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Greg B Smith
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My 3 chamber treatment plant discharges onto the surface of the ground about 145' from my pond.  The ground between the discharge and the pond stays wet.  We have HEAVY clay soil so a leach field is a no go.  Septic systems here are required to have sprinklers to spray the waste water over a wide area.  Mine didn't have the sprinklers when we moved in and I don't want them now. 

I am thinking about digging a ditch down the side of my pond for waste water to filter through instead of straight into the pond.  The ditch would be 10' wide and 1.5' deep approximately 220' long.  The waste water would enter one end and filter down the length before connecting to the pond at the spillway.  This would keep the water level of the ditch and the pond the same.  Heavy rain events would force the ditch water down to the spillway, mix it with pond water and discharge it. 

I would plant reeds, cattails,  and maybe even hidrilla in the ditch to collect the nutrients from the waste water.  These could be collected for compost and returned to the top of the hill where our or orchards and gardens are.

As a side note,  we get about 48" of rain per year and the total drainage area to the pond is probably 10 acres. With the heavy clay soil there is very little seepage of water into the soil. They pond stays full except for about  3 months during the summer and then it only drops a few inches.  The pond frequently overflows during rains. 

Here is a crude drawing of what I am planning.  The new ditch dam is in red. 
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Brett M. Scott
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i like it i like it, keep it coming!

I'm on here learning and studying so I really don't have much to weigh in as far as affirmation and confirmation goes...my mind goes to a small series of 2-3 smaller ponds connecting into the the pond (close to sppillway) and have its own spillway into the drainage of the big pond. So, 1-2-3 ponds with the third having both mouth to big pond and a spillway connecting to pond spillway drain. Definitely using every bit of that 220 ft.

My poke here is to ask,

I get the feeling its full sun, but just to be clear and fresh: How much sun? Any partial shade? What is the coldest in winter time (rough)?

And how close is the ditch from the pond?
What grade or slope are we talking?

Regards
 
Peter VanDerWal
Posts: 105
Location: Southern Arizona
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You might want to look into something called a "Subsurface flow constructed wetland"  Basically similar to what you described, but filled with gravel until the water level is about an inch or two below the surface.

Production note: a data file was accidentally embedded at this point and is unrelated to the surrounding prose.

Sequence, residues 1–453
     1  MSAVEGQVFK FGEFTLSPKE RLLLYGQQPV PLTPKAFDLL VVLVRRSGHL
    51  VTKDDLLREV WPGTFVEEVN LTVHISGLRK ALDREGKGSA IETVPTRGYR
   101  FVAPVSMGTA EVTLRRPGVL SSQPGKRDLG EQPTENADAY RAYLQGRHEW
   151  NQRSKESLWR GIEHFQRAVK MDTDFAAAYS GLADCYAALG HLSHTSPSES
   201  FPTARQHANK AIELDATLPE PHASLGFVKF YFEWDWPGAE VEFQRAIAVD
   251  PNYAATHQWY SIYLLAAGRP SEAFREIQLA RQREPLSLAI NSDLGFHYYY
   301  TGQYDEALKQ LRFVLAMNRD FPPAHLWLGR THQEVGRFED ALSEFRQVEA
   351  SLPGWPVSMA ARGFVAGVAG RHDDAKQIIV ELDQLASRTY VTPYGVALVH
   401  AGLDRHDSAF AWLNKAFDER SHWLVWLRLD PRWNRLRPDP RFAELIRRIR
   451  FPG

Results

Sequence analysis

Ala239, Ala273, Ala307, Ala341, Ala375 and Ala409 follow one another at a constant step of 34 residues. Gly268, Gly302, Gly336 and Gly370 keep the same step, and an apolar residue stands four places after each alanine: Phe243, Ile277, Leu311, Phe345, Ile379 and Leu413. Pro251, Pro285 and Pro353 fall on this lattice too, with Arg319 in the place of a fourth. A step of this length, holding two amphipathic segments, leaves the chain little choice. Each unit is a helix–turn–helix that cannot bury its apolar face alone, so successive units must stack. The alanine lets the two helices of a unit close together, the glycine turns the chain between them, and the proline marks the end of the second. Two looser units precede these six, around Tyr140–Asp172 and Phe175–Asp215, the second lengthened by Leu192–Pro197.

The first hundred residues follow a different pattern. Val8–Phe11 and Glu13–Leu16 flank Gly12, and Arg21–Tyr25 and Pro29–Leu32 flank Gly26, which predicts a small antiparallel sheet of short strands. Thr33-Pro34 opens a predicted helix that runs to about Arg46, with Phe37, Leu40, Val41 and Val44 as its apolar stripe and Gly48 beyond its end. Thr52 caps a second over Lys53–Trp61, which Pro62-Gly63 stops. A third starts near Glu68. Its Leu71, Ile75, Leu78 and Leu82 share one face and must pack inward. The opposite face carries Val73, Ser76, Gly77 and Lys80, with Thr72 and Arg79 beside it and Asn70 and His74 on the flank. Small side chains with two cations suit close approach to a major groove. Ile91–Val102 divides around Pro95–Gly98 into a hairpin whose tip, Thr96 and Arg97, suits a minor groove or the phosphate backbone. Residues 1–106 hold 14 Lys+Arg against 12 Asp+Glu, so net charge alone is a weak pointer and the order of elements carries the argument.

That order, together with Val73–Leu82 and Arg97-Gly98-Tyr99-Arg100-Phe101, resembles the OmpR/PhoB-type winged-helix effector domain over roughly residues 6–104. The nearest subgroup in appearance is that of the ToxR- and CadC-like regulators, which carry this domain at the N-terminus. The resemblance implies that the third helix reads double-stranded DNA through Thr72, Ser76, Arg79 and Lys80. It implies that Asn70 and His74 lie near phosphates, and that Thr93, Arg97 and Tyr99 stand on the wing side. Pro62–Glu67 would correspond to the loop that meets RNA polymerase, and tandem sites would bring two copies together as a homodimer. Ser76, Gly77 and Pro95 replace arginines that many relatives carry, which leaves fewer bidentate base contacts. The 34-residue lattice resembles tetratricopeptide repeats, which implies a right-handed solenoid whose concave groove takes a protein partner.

The gravel provides lots of surface area for beneficial bacteria to grow on, the reeds/cattails help (a little) to bring oxygen down below the surface and having the gravel above the water keeps the mosquitoes from breading in it plus helps to prevent people/animals from coming into contact with the raw waste water.

 
Bryant RedHawk
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Location: Vilonia, Arkansas - Zone 7B/8A stoney, sandy loam soil pH 6.5
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Wouldn't this ditch work better if it were built as a meandering flow instead of a straight line flow?
By making the ditch have some turns in it and opting for a "wetlands" type system like Peter mentions you could clean that water with not only the plants you mentioned but bacteria and fungi would be put into play on a much larger scale as well.
This would make the discharge water much cleaner before it reached your pond.

Redhawk
 
Greg B Smith
Posts: 54
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Here are some pics of what I an dealing with.  I could dig a trench zigzaged down the hill and back fill with gravel and sand. This would give at least 150 feet of travel and filtering before it reaches the pond.  As you can see in the pics I have lots of diversity in plants and trees to absorb nutrients before it reaches the pond.  The added ditch among the bank would allow reeds and willows to absorb the rest. 

These pics were taken after a heavy rain.  I don't want any standing water above ground as I have now. The gravel and sand in the transition ditch should prevent standing water. Plants would be replanted in all areas after the earth works were completed.

It is hard to tell from these pics but the plants in the ditch are 5 to 6 feet tall and loving life.
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Septic discharge
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Water loving vegetation we established
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Mouth of discharge to the pond
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Lots of diversity in the confluence of the pond and discharge
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Bank of pond the ditch will travel.
 
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